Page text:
Upstream or downstream thinking? What’s the best way for suppliers to go mainstream and reach the most customers?
You might have heard of the beer distribution game.
The idea is that a group of participants enact a four-stage supply chain scenario. Some take on the role of those at the point of origin in the supply chain – the upstream agents: manufacturers and distributors. Others role-play the downstream agents at the other end of the chain – the distributors and end-customers: in this case, let’s say the bar owners and beer drinkers. The goal is simple. All you have to do is produce, deliver and sell the beer to your customers, while keeping your costs on back orders and inventory to a minimum.
This should be easy enough, in theory. The basic rules of economics suggest that customer demand dictates supply. In practice, however, things can get a little skewed. And this disconnect can happen fast.
For a start, players have limited information. They can only see what’s in front of them – bits of paper with order numbers. And as they start to share this information with each other, all kinds of coordination issues arise. Things start to go wrong. Customer demand for X or Y kegs of beer is imperfectly relayed to the bar owner retailer, who in turn passes it on the other players upstream, but makes mistakes in doing so. The result is a kind of Chinese Whispers where confusion reigns, poor decisions are made about stock, too much or too little beer is manufactured or supplied. You end up with increased costs in the supply chain, and, not to mention thirsty beer drinkers.
The beer game is just that – a game. But it represents a problem that is all too familiar to suppliers in most industries and sectors. It’s called the Bullwhip effect, and it’s a conundrum.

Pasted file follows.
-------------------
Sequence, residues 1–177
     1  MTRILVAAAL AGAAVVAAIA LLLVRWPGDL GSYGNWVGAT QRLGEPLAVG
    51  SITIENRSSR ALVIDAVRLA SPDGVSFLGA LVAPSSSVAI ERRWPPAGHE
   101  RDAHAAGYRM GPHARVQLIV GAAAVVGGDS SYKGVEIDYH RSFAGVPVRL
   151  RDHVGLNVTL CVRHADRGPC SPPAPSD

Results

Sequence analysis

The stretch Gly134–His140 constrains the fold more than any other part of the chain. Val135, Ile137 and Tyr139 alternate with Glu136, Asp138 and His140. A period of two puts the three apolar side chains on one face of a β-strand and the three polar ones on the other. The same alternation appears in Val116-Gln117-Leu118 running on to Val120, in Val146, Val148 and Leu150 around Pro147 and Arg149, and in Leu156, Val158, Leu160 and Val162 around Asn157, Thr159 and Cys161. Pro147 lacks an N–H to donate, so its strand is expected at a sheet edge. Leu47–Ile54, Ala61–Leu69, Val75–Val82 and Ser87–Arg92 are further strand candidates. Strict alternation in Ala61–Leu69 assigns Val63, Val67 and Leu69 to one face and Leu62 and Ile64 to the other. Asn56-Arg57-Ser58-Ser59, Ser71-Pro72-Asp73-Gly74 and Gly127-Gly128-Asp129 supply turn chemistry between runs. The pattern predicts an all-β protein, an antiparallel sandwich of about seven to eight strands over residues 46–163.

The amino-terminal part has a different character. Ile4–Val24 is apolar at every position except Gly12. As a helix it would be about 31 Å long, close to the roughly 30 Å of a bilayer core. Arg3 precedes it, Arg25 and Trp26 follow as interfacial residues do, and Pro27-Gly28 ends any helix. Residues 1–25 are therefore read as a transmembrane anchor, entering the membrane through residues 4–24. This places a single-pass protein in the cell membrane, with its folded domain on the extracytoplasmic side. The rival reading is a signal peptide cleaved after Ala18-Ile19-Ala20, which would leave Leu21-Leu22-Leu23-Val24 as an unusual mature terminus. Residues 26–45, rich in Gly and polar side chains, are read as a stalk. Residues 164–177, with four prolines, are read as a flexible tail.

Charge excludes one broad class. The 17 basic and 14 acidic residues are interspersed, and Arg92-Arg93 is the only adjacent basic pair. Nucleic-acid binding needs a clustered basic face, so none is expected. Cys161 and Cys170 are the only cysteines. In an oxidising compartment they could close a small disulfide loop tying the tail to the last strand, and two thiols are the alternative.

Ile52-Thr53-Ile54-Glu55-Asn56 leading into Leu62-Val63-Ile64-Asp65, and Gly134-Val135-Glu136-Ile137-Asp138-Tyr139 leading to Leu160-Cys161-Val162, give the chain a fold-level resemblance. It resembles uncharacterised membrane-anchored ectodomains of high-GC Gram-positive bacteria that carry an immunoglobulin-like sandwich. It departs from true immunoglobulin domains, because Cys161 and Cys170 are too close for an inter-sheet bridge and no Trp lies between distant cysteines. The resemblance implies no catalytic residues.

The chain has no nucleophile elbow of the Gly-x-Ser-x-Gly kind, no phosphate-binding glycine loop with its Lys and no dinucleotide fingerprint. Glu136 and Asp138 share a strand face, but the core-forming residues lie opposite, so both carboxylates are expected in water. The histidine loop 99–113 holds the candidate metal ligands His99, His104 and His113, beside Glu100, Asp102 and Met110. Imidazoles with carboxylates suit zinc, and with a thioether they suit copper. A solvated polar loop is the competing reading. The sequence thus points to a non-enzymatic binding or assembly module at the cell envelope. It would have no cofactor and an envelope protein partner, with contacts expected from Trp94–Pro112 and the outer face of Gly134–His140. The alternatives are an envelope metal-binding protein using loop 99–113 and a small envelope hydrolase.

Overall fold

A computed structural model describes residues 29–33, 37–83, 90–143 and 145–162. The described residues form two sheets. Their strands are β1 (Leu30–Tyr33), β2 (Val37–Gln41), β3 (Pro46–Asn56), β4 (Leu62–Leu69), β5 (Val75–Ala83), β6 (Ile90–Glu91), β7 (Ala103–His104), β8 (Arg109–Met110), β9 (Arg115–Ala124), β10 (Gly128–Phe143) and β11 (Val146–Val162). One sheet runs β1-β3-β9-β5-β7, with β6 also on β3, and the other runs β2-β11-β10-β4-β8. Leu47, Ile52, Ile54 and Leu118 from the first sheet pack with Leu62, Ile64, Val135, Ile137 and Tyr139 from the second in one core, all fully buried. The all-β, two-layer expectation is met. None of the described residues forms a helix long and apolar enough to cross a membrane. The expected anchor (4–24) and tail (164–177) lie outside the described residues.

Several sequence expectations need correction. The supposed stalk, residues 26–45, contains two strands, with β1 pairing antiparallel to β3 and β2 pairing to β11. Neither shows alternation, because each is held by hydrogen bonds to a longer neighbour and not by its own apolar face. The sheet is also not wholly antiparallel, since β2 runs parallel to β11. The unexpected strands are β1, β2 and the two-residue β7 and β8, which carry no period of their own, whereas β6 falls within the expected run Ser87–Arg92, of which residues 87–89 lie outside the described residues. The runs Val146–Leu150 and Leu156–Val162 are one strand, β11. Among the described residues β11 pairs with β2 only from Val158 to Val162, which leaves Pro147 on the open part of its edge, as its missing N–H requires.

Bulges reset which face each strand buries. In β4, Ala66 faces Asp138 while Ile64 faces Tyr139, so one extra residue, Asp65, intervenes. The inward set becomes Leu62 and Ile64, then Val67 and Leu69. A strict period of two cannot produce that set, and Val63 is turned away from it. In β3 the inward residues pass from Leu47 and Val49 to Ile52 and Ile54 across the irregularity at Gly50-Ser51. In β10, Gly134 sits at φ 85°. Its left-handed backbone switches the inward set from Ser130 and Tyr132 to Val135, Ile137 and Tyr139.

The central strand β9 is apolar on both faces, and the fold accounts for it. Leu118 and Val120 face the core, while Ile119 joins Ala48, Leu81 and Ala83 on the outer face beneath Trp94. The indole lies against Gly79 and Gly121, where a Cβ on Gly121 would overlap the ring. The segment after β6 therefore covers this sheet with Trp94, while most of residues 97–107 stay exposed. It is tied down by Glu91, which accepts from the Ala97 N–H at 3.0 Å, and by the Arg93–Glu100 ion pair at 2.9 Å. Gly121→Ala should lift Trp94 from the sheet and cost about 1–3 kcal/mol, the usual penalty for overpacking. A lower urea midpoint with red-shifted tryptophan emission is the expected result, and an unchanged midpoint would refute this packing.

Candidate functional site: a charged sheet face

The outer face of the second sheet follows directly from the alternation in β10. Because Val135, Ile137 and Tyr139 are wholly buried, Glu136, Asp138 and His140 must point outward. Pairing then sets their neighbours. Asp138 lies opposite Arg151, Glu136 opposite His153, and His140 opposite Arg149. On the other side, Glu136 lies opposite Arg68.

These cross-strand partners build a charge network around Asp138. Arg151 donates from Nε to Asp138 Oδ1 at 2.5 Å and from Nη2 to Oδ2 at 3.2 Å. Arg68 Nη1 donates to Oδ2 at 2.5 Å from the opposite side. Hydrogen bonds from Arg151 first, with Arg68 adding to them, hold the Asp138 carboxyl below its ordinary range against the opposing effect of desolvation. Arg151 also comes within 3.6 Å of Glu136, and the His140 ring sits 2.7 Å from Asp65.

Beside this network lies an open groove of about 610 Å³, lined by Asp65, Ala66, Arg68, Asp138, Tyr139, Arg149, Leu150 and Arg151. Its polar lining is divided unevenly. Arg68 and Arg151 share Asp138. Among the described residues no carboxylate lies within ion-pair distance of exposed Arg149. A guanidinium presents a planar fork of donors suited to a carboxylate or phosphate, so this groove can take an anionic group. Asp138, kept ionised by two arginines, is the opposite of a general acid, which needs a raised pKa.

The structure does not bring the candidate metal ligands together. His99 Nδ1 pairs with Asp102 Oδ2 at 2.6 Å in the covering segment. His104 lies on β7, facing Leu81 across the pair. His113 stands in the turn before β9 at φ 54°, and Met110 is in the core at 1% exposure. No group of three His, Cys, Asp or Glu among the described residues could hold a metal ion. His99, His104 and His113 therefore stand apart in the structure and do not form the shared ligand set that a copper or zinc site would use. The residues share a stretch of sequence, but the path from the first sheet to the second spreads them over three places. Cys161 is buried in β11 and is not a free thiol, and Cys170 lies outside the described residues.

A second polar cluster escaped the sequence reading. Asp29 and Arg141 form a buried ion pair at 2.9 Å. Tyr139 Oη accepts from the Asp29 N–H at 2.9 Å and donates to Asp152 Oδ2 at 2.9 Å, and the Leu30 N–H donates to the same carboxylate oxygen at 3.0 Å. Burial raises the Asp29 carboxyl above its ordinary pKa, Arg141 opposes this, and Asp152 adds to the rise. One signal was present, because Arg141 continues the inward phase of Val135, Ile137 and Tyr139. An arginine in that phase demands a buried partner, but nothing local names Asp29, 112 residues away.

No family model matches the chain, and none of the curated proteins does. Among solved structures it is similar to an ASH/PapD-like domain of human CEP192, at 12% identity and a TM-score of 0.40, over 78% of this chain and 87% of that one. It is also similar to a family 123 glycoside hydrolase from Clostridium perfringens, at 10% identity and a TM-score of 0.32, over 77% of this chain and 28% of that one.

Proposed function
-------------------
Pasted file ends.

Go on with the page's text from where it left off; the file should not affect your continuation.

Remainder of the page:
“The Bullwhip effect is a real challenge for suppliers in every industry,” said Nikolay Osadchiy, associate professor of Information Systems & Operations Management at Goizueta Business School. “Because demand information gets distorted along the chain, suppliers can see a lot of volatility at their end which can translate into more inventory and drives up costs. It’s a really pressing issue that needs to be addressed.”
Osadchiy and his colleagues Bill Schmidt from Cornell University and Jing Wu from the Chinese University of Hong Kong got to work researching the idea.
- First, they modeled a supply network based on 15 years of data from publicly traded companies across the globe.
- Second, they determined the ‘upstreamness’ that different firms had – or the positions they occupy – within that network.
- And third, they examined the demand distortion within each firm and measured demand variability across the different layers of the network to determine how they affect each other.
The results of their work were all captured in the article attached below – the information was quite compelling and will greatly assist businesses as they plan their way through and after a globe-shifting event like COVID-19.
It’s interesting material for sure – and if you are a journalist looking to know more about supply chains and how businesses will need to adapt in order to survive post-pandemic, then let our experts help with your questions and coverage.
Nikolay Osadchiy is an Associate Professor of Information Systems & Operations Management at Emory University's Goizueta Business School. He is an acclaimed expert in the areas of supply chain management and how supply networks affect risk and operational performance. Nikolay is available to speak with media regarding this topic – simply click on his icon to arrange an interview today.